Problem Gambling, Mental Health, and Suicide Prevention: How Reaching Out Can Save a Life

According to recent reports, nearly half of all individuals battling a gambling disorder claim to have occasional or even daily thoughts about suicide. This number is staggering, which is why we at the Council on Compulsive Gambling of New Jersey are spreading awareness about suicidal behaviors and their impact on disordered gamblers.

At the CCGNJ, we’ve known about the destructive consequences that alcohol use disorder, sometimes referred to as an addiction, and gambling have in Trenton and the rest of the state. With the latest findings on problem gamblers who battle mental health issues, we are now extending our efforts to help more people in need.

In this post, we’ll explain how disordered gambling can lead a person to have suicidal thoughts and behaviors, which in turn, can magnify the severity of his or her gambling behaviors. We’ll also give some resources you can contact for help if you or a loved one has a gambling disorder or is showing signs of self-destructive actions.

Feeling Helpless

Those who struggle with addiction, whether it be to alcohol, drugs, or even gambling, often feel helpless and find it increasingly difficult to seek help. As their dependence continues, their situation can worsen, with one problem leading to another.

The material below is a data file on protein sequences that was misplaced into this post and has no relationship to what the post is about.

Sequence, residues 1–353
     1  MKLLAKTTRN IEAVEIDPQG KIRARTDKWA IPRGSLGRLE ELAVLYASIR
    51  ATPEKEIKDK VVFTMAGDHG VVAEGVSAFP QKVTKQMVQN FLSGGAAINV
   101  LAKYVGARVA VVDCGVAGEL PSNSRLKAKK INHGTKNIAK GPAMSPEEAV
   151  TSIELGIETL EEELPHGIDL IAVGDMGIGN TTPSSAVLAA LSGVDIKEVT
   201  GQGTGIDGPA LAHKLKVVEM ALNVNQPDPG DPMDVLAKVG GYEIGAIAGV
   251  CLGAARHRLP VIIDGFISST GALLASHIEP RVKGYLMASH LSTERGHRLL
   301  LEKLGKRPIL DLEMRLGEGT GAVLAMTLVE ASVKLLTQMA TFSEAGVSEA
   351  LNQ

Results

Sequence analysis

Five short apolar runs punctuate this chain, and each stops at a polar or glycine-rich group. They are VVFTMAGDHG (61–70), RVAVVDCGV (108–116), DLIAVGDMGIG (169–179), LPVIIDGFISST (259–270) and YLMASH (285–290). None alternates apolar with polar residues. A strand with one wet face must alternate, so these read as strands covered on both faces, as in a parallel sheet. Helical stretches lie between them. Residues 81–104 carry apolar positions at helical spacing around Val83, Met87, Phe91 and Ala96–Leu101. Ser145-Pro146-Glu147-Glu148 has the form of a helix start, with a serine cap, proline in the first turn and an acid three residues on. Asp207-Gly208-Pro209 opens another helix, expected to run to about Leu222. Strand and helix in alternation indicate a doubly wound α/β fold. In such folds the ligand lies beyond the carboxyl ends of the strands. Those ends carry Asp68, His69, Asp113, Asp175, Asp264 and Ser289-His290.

For many gamblers, including those participating in newly-legalized sports betting in Atlantic City, their betting behaviors start out innocently, but can easily spiral out of control. Once their gambling crosses the threshold and becomes a disorder, their lives can deteriorate quickly. They often lose their social status and see their closest relationships fall apart. With little money and nobody to reach out to, a gambler can experience depression and suicidal thoughts.

When a disordered gambler has these feelings, their gambling tendencies may become riskier, which can intensify and accelerate their problems. It is imperative that they get help at this stage, or they may never recover.

Taking the First Step

For anyone struggling with mental health issues, including depression and suicide, taking the first step toward recovery is often the most difficult. Feelings of loneliness and becoming a burden can overwhelm a person, preventing them from reaching out for help.

If a loved one or someone you know is experiencing signs of depression, suicidal tendencies, or disordered gambling, let them know they are not alone. Contact our 24/7 helpline today at 800-GAMBLER to get in touch with someone who can help.


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